I’m a fan of good questions. Perhaps like you, I’ve experienced those magical moments in meetings where a question someone asks completely changes the direction of the discussion, opens up new channels of inquiry, and helps get us to a decision faster. I’ve also been in situations where I’ve given a presentation and no one had a question afterwards – which is a very disconcerting experience!
I chose to watch this Lynda.com course as a way of refreshing my skills on asking questions to stimulate creative thinking (my own and others’). The course provides a good overview of the reasons why good questions matter. My own experience confirms that thoughtful questions can help strengthen relationships, create trust, and express empathy. The course also talks about the negative impacts of either asking ineffective questions or no questions at all – which can be significant lost opportunities.
As a former instructor, I can certainly attest to experiences where asking well-timed and well-phrased questions generated great classroom discussion. Did you know that kids ask, on average, 125 questions per day while adults only ask six questions per day? With that statistic alone, the course reminded me of the importance of questions to help engage our natural sense of curiosity, which in turn leads to better retention of information. It also underscores how powerful questions can be for learning when students have the opportunity to explore topics or solve problems based on personal interest.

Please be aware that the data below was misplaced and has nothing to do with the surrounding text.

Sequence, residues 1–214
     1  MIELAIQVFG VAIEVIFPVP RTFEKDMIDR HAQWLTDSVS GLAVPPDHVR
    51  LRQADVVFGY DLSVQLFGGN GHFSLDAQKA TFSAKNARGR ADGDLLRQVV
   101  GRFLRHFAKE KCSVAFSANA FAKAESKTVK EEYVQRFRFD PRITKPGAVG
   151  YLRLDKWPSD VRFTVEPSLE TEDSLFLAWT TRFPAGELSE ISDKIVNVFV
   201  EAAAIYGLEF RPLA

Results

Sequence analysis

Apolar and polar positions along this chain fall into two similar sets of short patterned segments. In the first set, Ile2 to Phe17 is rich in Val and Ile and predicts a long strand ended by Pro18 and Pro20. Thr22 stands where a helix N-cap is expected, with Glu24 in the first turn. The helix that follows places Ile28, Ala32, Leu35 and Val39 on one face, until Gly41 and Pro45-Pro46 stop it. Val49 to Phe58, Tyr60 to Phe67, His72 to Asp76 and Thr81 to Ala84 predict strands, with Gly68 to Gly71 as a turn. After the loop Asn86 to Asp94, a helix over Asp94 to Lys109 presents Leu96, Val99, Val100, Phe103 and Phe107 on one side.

For my own skill development, I was hoping that the course would offer more concrete examples questions that work well to provoke divergent thinking or creative ideas. I would have liked to watch a few conversations that illustrated the impact of using “bad questions” versus “good questions.” While I did not find these illustrations in the videos themselves, the exercise files do offer some specific examples to reframe questions to make them more engaging. A very good follow up Lynda.com course called Asking Great Questions does provide an overview of specific types of questions.
At the completion of the course, I came away with a renewed commitment to using questions more often. So, when confronted with a problem, rather than simply say “I/We can’t because…” I might ask instead: “How could we….?” or “What if we….?” As the course reminded me, reframing the statement into a question creates space for opportunity, for possibility and for inclusion of ideas – which makes problem-solving more effective and fun! What is the best question you have asked (or been asked) lately that made a difference in your conversations?